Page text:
by David Lansley and Kristin Donaldson, World Vision Australia
Spent Saturday at the Agriculture and Rural Development Day (that’s OK – I don’t mind giving up my Saturday for a good cause). The line-up of speakers was impressive, including Sir John Beddington, former President of Ireland and UN High Commissioner for Human Rights Mary Robinson, and World Bank Vice President for Sustainable Development Rachel Kyte.
The point was made very clearly from lots of different directions that agriculture has a big role to play in climate change mitigation and adaptation, and poverty reduction. Growth in the agriculture sector is estimated to be three times more effective in raising incomes than growth in any other sector.
The term to remember for agriculture is climate smart agriculture. (Please don’t call it CSA – if acronyms were greenhouse gases, the world would already be at 60 degrees and rising fast.) Climate smart agriculture is a mix of using the best of existing technologies plus the latest technology from many areas including seed and crop types, weather forecasting techniques and more. Various speakers though, made it clear that climate smart agriculture is not a one size fits all approach. Successful programs for smallholders will require ‘thousands of approaches’ tailored to the context of individual communities.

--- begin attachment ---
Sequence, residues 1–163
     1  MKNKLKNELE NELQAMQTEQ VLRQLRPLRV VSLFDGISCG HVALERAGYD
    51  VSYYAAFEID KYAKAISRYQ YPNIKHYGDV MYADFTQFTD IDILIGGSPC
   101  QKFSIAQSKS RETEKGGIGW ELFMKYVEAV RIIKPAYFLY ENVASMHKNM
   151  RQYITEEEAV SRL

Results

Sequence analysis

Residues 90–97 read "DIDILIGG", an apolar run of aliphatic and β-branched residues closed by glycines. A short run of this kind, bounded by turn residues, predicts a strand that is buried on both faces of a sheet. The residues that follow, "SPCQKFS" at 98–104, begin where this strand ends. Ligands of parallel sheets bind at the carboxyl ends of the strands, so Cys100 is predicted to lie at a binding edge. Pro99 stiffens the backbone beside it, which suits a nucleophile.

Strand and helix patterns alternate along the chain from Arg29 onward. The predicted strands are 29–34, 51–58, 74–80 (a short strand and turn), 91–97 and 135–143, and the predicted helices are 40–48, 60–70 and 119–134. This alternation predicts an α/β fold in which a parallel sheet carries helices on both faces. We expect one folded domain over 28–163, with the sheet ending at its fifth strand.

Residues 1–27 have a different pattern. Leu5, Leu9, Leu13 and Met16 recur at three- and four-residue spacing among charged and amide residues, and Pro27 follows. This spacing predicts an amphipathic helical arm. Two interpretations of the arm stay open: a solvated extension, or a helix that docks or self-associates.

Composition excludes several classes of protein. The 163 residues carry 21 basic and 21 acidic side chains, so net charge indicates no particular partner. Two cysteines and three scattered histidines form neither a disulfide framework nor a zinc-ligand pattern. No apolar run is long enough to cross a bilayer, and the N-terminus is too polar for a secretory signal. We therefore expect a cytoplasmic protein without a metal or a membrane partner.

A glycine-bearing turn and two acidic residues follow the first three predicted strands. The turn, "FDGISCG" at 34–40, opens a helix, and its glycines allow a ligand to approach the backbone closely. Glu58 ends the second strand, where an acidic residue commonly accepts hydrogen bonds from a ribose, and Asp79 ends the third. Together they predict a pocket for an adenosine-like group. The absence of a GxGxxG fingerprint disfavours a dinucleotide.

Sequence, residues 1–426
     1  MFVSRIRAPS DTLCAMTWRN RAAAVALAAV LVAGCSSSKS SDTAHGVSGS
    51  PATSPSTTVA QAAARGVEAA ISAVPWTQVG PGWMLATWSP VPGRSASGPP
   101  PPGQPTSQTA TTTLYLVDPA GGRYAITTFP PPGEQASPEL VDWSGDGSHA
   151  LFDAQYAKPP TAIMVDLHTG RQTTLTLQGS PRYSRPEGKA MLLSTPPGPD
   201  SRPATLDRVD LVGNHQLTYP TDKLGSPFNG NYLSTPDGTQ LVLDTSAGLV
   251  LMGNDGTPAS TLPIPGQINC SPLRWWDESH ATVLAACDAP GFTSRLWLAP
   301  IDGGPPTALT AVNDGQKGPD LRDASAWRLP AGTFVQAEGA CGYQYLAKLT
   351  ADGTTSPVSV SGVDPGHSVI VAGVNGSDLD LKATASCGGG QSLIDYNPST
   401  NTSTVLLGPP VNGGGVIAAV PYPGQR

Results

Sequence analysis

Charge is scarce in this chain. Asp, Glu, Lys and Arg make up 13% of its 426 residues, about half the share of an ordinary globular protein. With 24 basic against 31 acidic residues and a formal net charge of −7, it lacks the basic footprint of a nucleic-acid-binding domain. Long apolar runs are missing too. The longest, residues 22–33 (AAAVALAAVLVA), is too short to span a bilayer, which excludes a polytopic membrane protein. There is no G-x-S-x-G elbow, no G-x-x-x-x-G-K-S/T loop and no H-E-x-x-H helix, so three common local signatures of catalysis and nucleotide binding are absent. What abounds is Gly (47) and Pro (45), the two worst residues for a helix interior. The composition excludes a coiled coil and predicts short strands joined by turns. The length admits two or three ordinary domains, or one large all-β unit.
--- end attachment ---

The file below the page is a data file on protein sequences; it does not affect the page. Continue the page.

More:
Particularly good news for the work of World Vision Australia and World Vision generally is the emphasis of speaker after speaker put on the importance of trees and agroforestry. Around 1.5 million people are dependent on degraded land. Agroforestry can increase ground cover and increase soil moisture and fertility. Increased soil fertility increases the resilience of agriculture in a hotter, drier and more volatile world, expands the range of livelihoods available to rural communities, and helps make feeding the expected extra 1billion people by 2025 more achievable. World Vision’s work in farmer managed natural regeneration, notably in Humbo, Ethiopia, is exactly what good agroforestry is about.
Waste got a mention. Large amounts of food is lost or wasted after it has been harvested. The problems are well known – rodents (rats and mice to you) and poor storage, cause considerable loss, as does food purchased but not eaten. John Beddington put a figure on total waste – I’d sit down if I were you because it’s a big number: 1.3bn tonnes. That’s not million, it’s billion.
Last but not least, various speakers emphasised the need for better information for smallholder farmers in developing countries. Better information on farming techniques, or weather, or prices in other cities or markets can make a big difference in the income of smallholders. So maybe getting mobile phone access for an ADP agriculture program is the best we can do.
This story was originally posted on the World Vision Australia blog. You can follow David and Kristin on twitter at COP17